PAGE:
N2 - Improving medication adherence is critical to improving outcomes in patients with schizophrenia. A long-acting injectable (depot) antipsychotic is one of the most effective methods for improving treatment adherence and decreasing rehospitalization rates in patients with schizophrenia. Until recently, only three second-generation antipsychotics were available in a long-acting injectable formulation (risperidone, paliperidone, and olanzapine). In this respect, the emergence of long-acting aripiprazole injection (ALAI), approved by the US Food and Drug Administration for the treatment of schizophrenia in 2013, is timely. ALAI is a lyophilized powder of aripiprazole, and the aripiprazole molecule is unmodified. The initial and target dosage of ALAI is 400 mg once monthly, but it could be reduced to 300 mg if adverse reactions occur with 400 mg. When first administering ALAI, it is recommended to continue treatment with oral aripiprazole (10-20 mg/day) or another oral antipsychotic for 2 weeks in order to maintain therapeutic antipsychotic concentrations. The primary clearance route for ALAI is hepatic, ie, cytochrome P450 (CYP)2D6 and CYP3A4, so dose adjustment is required in poor CYP2D6 metabolizers. The efficacy of ALAI was demonstrated in three studies. A randomized controlled trial that formed the basis for approval of ALAI in the treatment of schizophrenia showed that ALAI significantly delayed time to impending relapse when compared with placebo (P<0.0001, log-rank test). An open-label, mirror study demonstrated that total psychiatric hospitalization rates were significantly lower after switching from oral antipsychotics to ALAI. Another randomized controlled trial presented in poster form suggested that ALAI 400 mg was comparable with oral aripiprazole 10-30 mg in preventing relapse. ALAI was generally well tolerated during both short-term and long-term studies. Its tolerability profile, including extrapyramidal symptoms and clinically relevant metabolic parameters, was similar to placebo. However, insomnia, headache, anxiety, akathisia, weight gain, injection site pain, and tremor need clinical attention. These studies suggest that ALAI is a viable treatment option for patients with schizophrenia, but direct head-to-head comparisons between ALAI and other long-acting injectable antipsychotics are needed to elucidate its risk-benefit profile.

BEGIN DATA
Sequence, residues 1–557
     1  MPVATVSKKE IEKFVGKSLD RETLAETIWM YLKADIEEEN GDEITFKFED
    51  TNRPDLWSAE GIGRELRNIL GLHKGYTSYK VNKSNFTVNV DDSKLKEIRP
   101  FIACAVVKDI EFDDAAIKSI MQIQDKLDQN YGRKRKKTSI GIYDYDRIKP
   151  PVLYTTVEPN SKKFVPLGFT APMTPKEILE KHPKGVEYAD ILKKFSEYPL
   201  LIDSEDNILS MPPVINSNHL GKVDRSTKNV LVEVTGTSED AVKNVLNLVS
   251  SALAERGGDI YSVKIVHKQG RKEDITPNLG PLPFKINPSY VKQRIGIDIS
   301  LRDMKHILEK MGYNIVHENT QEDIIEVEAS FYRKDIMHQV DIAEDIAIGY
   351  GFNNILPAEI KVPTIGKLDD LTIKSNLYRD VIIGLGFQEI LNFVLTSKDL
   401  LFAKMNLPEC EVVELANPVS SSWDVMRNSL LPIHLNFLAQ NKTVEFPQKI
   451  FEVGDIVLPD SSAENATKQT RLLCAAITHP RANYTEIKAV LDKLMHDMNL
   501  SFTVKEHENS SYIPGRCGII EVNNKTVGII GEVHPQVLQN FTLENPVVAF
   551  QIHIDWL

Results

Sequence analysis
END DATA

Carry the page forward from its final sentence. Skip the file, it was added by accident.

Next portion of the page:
AB - Improving medication adherence is critical to improving outcomes in patients with schizophrenia. A long-acting injectable (depot) antipsychotic is one of the most effective methods for improving treatment adherence and decreasing rehospitalization rates in patients with schizophrenia. Until recently, only three second-generation antipsychotics were available in a long-acting injectable formulation (risperidone, paliperidone, and olanzapine). In this respect, the emergence of long-acting aripiprazole injection (ALAI), approved by the US Food and Drug Administration for the treatment of schizophrenia in 2013, is timely. ALAI is a lyophilized powder of aripiprazole, and the aripiprazole molecule is unmodified. The initial and target dosage of ALAI is 400 mg once monthly, but it could be reduced to 300 mg if adverse reactions occur with 400 mg. When first administering ALAI, it is recommended to continue treatment with oral aripiprazole (10-20 mg/day) or another oral antipsychotic for 2 weeks in order to maintain therapeutic antipsychotic concentrations. The primary clearance route for ALAI is hepatic, ie, cytochrome P450 (CYP)2D6 and CYP3A4, so dose adjustment is required in poor CYP2D6 metabolizers. The efficacy of ALAI was demonstrated in three studies. A randomized controlled trial that formed the basis for approval of ALAI in the treatment of schizophrenia showed that ALAI significantly delayed time to impending relapse when compared with placebo (P<0.0001, log-rank test). An open-label, mirror study demonstrated that total psychiatric hospitalization rates were significantly lower after switching from oral antipsychotics to ALAI. Another randomized controlled trial presented in poster form suggested that ALAI 400 mg was comparable with oral aripiprazole 10-30 mg in preventing relapse. ALAI was generally well tolerated during both short-term and long-term studies. Its tolerability profile, including extrapyramidal symptoms and clinically relevant metabolic parameters, was similar to placebo. However, insomnia, headache, anxiety, akathisia, weight gain, injection site pain, and tremor need clinical attention. These studies suggest that ALAI is a viable treatment option for patients with schizophrenia, but direct head-to-head comparisons between ALAI and other long-acting injectable antipsychotics are needed to elucidate its risk-benefit profile.

KW - Aripiprazole

KW - Depot

KW - Long-acting injectable

KW - Relapse

KW - Schizophrenia

KW - Treatment

UR - http://www.scopus.com/inward/record.url?scp=84907329642&partnerID=8YFLogxK

UR - http://www.scopus.com/inward/citedby.url?scp=84907329642&partnerID=8YFLogxK

U2 - 10.2147/NDT.S52486

DO - 10.2147/NDT.S52486

M3 - Review article

AN - SCOPUS:84907329642

VL - 10

SP - 1605

EP - 1611

JO - Neuropsychiatric Disease and Treatment

JF - Neuropsychiatric Disease and Treatment

SN - 1176-6328

ER -